Fabrication methods for VCSEL-based transceivers that are optimized for use with multimode fibers are more easily manufactured into array devices and are lower cost than equivalent single-mode transceivers. Despite the use of multiple fiber lanes and multi-transceivers arrays, there are significant cost savings over single-mode technology employing single or multichannel operation over simplex-duplex connectivity. Multimode fiber system offers the lowest system cost and upgrades path to 100G for standard-based premises applications using parallel-optic based interconnects.
Single-mode optical fiber often costs less than multimode fiber. When building a 1G fiber-optic network that you want to be able to go to 10G or faster eventually, the savings on the cost of fiber for single-mode saves about half-price. While the multimode OM3 or OM4 fiber increases 35% in cost for SFP modules. The single-mode optics are more expensive, but the labor costs of replacing the multimode are significantly higher, especially if that follows OM1—OM2—OM3—OM4. If you are willing to look at used ex-Fibre Channel SFPs, the price of single-mode 1G drops through the floor. If you have the budget and need 10G short connections, the economics at last check still support multimode. Keep an eye on those economics though, as history suggests that the price premium for single-mode will drop.
FAQ about Single Mode vs Multimode Fiber Optic Cable
What is a better single mode or multimode fiber type?
As has been mentioned above, single mode fiber and multimode fiber cable have their advantages on cost and applications. There is no such thing that single mode optical fibers are better than multimode ones. Just choosing the best-fit one for your applications is ok.
Can I mix single mode and multimode fiber types?
This answer to this question is “no”. Multimode fiber and single mode fiber have different core sizes, and the number of light modes that they transmit is also different. If you mix the two fibers or connect them directly, you’ll lose a large amount of optical loss, resulting in a link flapping or being down. Keep in mind that never mix different types of cabling randomly.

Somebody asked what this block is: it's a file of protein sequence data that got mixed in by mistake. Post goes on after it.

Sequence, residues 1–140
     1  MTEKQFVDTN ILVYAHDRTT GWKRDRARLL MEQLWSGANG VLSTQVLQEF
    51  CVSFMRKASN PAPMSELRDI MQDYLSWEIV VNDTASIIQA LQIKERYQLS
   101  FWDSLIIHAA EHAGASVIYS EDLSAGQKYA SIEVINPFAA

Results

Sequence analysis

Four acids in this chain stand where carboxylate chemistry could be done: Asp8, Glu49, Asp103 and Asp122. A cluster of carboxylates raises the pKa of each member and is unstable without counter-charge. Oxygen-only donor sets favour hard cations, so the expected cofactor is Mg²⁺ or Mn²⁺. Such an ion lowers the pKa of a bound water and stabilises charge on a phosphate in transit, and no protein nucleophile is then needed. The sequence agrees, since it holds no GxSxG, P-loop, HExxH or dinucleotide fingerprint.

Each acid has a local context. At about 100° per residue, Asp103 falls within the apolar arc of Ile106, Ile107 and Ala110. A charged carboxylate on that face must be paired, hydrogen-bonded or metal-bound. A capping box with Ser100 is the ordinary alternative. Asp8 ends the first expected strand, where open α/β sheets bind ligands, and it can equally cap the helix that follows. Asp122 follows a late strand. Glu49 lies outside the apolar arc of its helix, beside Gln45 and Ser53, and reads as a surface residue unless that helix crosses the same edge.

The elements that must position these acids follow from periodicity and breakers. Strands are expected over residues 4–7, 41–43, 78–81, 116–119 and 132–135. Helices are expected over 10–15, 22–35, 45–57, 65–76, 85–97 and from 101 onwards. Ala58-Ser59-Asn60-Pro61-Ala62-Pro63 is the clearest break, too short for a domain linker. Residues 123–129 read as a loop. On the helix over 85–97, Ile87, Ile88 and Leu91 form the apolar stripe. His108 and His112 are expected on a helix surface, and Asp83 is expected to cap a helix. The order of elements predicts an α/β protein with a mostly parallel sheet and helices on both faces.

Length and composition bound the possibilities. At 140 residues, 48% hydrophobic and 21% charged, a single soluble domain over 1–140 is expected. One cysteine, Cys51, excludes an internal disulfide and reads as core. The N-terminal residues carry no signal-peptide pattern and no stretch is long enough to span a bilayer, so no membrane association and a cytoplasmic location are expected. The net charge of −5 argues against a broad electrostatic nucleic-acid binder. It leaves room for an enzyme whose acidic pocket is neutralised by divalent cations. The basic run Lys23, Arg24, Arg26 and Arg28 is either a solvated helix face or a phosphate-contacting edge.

Can I use a multimode transceiver on a single mode fiber optic cable?
Generally speaking, the answer is "no". The large optical loss will occur if a multimode transceiver is connected with a single mode fiber. However, the opposite will work. For example, 1000BASE-LX single mode SFP can work on multimode fiber cable by using mode conditioning fiber cable. Sometimes, fiber media converters also can be used to solve such problems between single mode transceivers and multimode transceivers.
Single mode vs multimode fiber optic cable type: which should I choose?
When deciding between single mode and multimode fiber cables, the first factor to consider is the fiber distance that you need actually. For example, in a data center, multimode fiber cables are enough for a distance of 300-400 meters. While in applications that require distances up to several thousands of meters, the single mode fiber is the best choice. And in applications that can use single mode and multimode fiber, other factors like cost and future upgrade requirements should be taken into consideration for your choice.
From the comparison of single-mode and multi-mode fiber optic cables, it can be concluded that single-mode fiber optic cabling systems are suitable for long-distance data transmission applications and are widely used in carrier networks, metropolitan area networks, and passive optical networks. Multimode fiber optic cabling systems have shorter distances and are widely deployed in enterprises, data centers, and local area networks.
No matter which one you choose, choosing the one that best suits your network needs, based on total fiber cost, is an important task for every network designer. Heyoptics offers all types of fibers including OM1, OM2, OM3, OM4, OM5, and OS1 fibers to name a few. If you need to buy a 1mm fiber optic cable or to know more, please contact email@example.com.